We know that since January 1st, in all European Union countries, a bank facing bankruptcy will be allowed to seize its clients’ accounts to bailout itself. The Bank Recovery and Resolution Directive (BRRD) is now being enforced – a scandal we’ve written about since 2013. Unfortunately, this idea – which is nothing more than legal robbery – seems to be gaining ground: it appears that even Switzerland will enforce it as well...

But it’s not over... it seems the United States is going in the same direction! Last November 30, the American central bank made a very important decision that the media barely covered: it implemented a new rule suppressing one of its original 1913 mandates, which was to be the lender of last resort for banks, as GoldBroker had warned. According to CNN, “with this new rule, failing or soon-to-be failing banks will not be able to apply for emergency loans from the Fed.”

But then, what will American banks do if their own existence is in jeopardy, due to major losses? Well, as a matter of fact, there is only one possibility left: seize their clients’ accounts. This is precisely what worries the bloggers on The Economic Collapse: “Fundamentally, what is happening is that responsibility has been transferred from banking authorities to the bank itself in order to maintain its solvency (...) and if their “assets” (creditors and bondholders) aren’t sufficient to salvage the bank, private depositors will be tapped, as we’ve seen in Cyprus.” According to The Examiner, “With the Dodd-Frank Banking Reform Act, which allows banks to re-mortgage the money and accounts of their own clients in case of a liquidity crisis (...) John Q. Public will be the one footing the bill for bailouts in future crises.” And, furthermore – another scandal – derivatives owned by the banks get priority status, ahead of clients’ accounts. “In principle, depositors are a bank’s foremost creditors. However, this has changed with the Bankruptcy Act of 2005, which modified the status of derivatives into senior debt obligations, thus having priority.” (GoldBroker via Web of Debt blog).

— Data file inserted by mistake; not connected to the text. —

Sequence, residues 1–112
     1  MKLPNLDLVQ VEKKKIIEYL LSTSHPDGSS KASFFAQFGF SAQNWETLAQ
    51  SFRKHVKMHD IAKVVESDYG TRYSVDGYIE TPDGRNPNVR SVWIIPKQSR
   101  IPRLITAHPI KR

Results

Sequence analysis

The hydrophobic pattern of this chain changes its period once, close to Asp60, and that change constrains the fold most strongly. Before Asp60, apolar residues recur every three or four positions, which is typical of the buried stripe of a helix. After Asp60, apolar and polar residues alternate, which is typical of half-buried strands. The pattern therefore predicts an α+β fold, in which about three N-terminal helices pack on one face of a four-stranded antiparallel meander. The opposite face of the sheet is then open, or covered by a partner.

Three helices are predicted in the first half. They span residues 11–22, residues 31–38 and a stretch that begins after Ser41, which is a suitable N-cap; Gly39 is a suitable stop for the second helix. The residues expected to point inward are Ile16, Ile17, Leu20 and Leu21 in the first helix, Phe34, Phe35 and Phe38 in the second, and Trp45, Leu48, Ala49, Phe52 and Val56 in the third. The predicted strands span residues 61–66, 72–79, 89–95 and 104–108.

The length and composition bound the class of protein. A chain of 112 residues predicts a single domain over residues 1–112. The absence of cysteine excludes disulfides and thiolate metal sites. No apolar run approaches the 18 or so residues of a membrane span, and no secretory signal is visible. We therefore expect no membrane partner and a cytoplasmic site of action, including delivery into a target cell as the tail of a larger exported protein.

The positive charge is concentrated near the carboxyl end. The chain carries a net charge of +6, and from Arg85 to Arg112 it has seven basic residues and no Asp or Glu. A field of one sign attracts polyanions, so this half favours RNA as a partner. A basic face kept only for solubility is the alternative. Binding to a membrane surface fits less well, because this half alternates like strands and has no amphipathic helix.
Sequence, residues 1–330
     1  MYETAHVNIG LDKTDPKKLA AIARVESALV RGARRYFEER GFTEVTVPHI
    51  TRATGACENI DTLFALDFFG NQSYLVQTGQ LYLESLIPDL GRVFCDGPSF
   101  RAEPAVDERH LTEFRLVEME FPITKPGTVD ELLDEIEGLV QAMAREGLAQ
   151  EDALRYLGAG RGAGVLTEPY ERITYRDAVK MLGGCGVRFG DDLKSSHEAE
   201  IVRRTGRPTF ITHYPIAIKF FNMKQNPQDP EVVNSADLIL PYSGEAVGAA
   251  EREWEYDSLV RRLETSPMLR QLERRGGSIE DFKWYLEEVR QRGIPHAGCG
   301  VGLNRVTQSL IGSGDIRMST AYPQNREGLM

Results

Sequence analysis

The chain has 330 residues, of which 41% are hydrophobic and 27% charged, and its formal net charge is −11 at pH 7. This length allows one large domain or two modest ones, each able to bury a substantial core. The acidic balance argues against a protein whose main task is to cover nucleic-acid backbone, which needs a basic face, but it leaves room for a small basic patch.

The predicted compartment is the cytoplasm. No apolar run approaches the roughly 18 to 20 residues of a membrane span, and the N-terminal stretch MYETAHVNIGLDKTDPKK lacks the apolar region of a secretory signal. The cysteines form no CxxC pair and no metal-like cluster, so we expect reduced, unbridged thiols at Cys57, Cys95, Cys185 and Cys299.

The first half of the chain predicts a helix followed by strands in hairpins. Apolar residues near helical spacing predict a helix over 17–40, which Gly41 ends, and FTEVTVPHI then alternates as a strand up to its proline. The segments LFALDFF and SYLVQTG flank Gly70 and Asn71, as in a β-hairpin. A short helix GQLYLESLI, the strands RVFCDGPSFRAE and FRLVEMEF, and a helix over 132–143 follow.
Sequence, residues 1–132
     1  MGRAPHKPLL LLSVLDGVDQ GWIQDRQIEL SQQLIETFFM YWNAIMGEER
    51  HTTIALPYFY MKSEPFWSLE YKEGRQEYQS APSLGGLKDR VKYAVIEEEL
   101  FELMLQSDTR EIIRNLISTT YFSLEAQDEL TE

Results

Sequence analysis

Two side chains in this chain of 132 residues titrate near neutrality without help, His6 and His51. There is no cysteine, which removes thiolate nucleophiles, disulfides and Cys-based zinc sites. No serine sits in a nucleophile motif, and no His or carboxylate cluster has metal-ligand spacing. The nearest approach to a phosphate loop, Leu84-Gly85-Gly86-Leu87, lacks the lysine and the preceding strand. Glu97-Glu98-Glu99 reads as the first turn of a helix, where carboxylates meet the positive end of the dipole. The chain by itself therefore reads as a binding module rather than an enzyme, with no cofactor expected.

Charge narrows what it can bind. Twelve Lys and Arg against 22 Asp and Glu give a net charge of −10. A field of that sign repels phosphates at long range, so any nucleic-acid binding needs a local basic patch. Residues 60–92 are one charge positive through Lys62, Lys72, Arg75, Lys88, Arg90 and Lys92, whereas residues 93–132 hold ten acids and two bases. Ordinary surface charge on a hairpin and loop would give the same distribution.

After Europe, the United States... will Japan follow suit, already, and then China? Emerging countries will, in most likelihood, take up on this most excellent idea... It makes sense, especially for countries: they are overly indebted and cannot, as they did in 2008, raise hundreds of billions to stave off a financial crisis. On the other hand, they do not have enough courage to engage in a deep reform of the banking sector (splitting deposit banking from investment banking, requiring a much higher percentage of equity, truth about derivatives). But they know some crisis will happen sooner or later, because all this “quantitative easing” from central banks has generated bubbles, but not any real growth – this will be a rude awakening. The solution? Let the savers turn into saviours!